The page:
UTF-8 is "An encoding form of Unicode that supports ASCII for backward compatibility and covers the characters for most languages in the world." (MultiLingual)

UTF stands for "Unicode transfer format," and 8 refers to the minimum number of bits used. "UTF-8 uses one to four bytes (strictly, octets) per character, depending on the Unicode symbol." (Wikipedia) (1 octet=8 bits). There are also UTF-16 and UTF-32 formats.

Wikipedia describes UTF-8 as "a variable-length character encoding for Unicode. It is able to represent any universal character in the Unicode standard, yet the initial encoding of byte codes and character assignments for UTF-8 is consistent with ASCII (requiring little or no change for software that handles ASCII but preserves other values). For these reasons, it is steadily becoming the preferred encoding for e-mail, web pages, and other places where characters are stored or streamed.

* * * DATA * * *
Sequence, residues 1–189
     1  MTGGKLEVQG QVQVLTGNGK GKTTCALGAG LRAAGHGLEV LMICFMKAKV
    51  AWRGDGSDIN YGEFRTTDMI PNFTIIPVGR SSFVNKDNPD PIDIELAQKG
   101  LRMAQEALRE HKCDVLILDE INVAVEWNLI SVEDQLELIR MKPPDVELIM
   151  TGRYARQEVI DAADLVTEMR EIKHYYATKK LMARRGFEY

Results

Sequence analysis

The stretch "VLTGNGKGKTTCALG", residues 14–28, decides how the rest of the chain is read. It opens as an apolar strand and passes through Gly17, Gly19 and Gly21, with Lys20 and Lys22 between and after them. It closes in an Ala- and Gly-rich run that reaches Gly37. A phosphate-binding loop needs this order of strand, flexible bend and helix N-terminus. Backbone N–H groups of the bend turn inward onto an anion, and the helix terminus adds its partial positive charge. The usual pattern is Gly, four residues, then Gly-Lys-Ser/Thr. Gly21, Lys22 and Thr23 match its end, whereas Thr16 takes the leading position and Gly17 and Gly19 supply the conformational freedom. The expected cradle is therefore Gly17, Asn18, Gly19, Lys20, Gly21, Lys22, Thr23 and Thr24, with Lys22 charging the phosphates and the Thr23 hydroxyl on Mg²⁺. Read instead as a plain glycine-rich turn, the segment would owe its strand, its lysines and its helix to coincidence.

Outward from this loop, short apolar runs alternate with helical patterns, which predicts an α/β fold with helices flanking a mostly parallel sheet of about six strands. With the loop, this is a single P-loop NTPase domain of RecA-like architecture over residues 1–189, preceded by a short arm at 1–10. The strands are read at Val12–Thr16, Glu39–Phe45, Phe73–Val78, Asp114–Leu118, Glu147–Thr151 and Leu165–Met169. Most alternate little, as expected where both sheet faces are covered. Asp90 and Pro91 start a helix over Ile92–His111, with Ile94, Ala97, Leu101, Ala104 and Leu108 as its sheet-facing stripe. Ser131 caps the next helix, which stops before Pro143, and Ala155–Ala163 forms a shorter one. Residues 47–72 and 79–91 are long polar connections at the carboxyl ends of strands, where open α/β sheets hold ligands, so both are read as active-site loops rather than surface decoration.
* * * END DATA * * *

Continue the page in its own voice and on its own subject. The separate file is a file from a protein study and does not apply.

"The Internet Mail Consortium (IMC?) recommends that all email programs be able to display and create mail using UTF-8." (Wikipedia)


MultiLingual. 2007. "Glossary." 2007 Resource Directory. http://www.multilingual.com/resourceDirectory/

Wikipedia, "UTF-8," http://en.wikipedia.org/wiki/UTF-8